the nature of blogging

We had a discussion last night on why people have weblogs, and what one is. The general consensus was that a weblog (blog) is different for everyone who has one; this is true, but perhaps needs some clarificaton. A number of people (those without blogs) said "If I wanted to tell you something, I’d tell you".

With all the technology around, I now have a lot of different options for communicating with people whose contact details I have:

  • phone call
  • SMS
  • individual email
  • group email
  • letter writing
  • face-to-face chat
  • christmas card letter
  • weblog

Some of these forms of communication are immediate, some are delayed (a geek would call it asynchronous, but let’s leave out the confusing terms for now). Other details vary: if I send an SMS, or even an email, I have no way of knowing if they’ve received the message, let alone if they’ve understood what I meant.

The method of communication I choose has an impact on the message itself. If I’m telling you not to forget to bring dessert when you visit, an SMS might suffice: if I’m asking you how you’re going at grieving for a friend, perhaps I should put some more effort into personalising the communication, even going to the trouble of arranging some face-to-face time.

There’s also something to be said about the frequency of communication: there are some parts of life that are ever-changing, and others that stay the same for weeks, months, or even years. When you try to cram a whole year worth of happenings into a small space, a lot of detail is left out. When you’re trying to fill in an hour worth of catching up with the day or week’s happening, a lot more detail is included.

Where does weblogging fit in? it depends on what you’re hoping to achieve with the weblog. After over five years of blogging most days, I’ve moved from just pointing to links that are funny, with the occasional burst of self-disclosure to more frequent, longer posts.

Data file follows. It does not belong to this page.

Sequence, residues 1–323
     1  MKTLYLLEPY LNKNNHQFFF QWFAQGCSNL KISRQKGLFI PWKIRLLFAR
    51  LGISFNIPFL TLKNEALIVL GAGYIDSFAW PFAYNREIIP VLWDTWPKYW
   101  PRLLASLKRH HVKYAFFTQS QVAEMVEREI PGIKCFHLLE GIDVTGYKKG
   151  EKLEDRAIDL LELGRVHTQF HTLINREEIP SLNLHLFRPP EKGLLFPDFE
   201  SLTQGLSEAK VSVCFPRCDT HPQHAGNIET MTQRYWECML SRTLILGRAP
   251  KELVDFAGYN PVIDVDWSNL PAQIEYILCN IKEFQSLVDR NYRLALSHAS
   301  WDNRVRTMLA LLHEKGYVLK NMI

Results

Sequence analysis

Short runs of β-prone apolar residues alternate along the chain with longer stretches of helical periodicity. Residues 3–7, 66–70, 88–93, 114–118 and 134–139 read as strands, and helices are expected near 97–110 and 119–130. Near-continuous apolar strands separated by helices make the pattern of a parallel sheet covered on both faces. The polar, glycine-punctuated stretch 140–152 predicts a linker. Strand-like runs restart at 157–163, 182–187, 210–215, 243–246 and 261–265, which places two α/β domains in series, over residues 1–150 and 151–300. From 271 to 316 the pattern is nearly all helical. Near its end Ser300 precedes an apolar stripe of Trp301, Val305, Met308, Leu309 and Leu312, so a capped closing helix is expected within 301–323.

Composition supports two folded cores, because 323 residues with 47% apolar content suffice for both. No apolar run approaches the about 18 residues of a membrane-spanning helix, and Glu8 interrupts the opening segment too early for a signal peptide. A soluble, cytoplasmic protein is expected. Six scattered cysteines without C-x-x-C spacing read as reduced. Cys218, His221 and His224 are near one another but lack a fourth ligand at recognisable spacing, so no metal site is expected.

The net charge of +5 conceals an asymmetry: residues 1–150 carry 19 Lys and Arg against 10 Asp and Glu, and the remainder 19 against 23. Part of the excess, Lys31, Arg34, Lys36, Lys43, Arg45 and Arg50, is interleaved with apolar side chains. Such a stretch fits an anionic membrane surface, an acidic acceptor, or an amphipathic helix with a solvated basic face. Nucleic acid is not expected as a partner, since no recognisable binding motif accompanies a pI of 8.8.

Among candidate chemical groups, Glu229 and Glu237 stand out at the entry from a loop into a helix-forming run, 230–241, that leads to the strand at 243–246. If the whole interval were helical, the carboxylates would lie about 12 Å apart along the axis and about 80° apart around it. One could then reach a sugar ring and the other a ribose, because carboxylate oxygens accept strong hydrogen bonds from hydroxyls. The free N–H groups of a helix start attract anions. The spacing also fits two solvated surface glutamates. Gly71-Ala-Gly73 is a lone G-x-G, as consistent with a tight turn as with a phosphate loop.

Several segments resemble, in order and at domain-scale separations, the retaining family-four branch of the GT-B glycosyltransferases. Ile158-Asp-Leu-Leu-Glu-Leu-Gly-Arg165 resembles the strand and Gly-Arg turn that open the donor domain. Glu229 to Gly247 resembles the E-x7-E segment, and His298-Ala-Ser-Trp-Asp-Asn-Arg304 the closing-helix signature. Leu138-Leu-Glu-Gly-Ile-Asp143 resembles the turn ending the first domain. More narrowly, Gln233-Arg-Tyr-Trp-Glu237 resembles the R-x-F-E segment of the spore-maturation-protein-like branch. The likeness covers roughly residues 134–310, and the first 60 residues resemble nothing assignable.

For me, this site helps other people I know to find out what I’ve been up to – some people who I see regularly, others who I’m separated from by distance or mutually busy schedules, others who haven’t made contact for some reason or other.

I’m also hoping that it gives some insights into what it’s like to make decisions from a Christian world-view, and to encourage people to ask me questions about my life and my faith.

What are you trying to achieve with your site (comments about online poker sites will most likely be deleted in the comment-approval phase of the site).

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  1. Why blog anyway?

    Cafedave asks about what I’m trying to achieve with this site – what is the point of blogging? For me I think it’s mostly about sharing the every day minutiae with friends around the world.

  2. What am I trying to achieve with my site?

    For me, it’s an alternative method of expression. I say things and talk about things on my blog that I don’t in person.

    On the odd occasion when a blog-topic comes up in a face-to-face converstaion, I usually find it uncomfortable, regardless of the actual topic – it’s just something about the cross-medium pollenation that sits uneasily with me.

    I like keeping the online/offline worlds seperate…which is strange considering that most of my online posts are about very tangible offline experiences.

    Now I think I’ve just confused myself… I’m not trying to achieve anything with my site – or at least, anything sensical (that makes sense).

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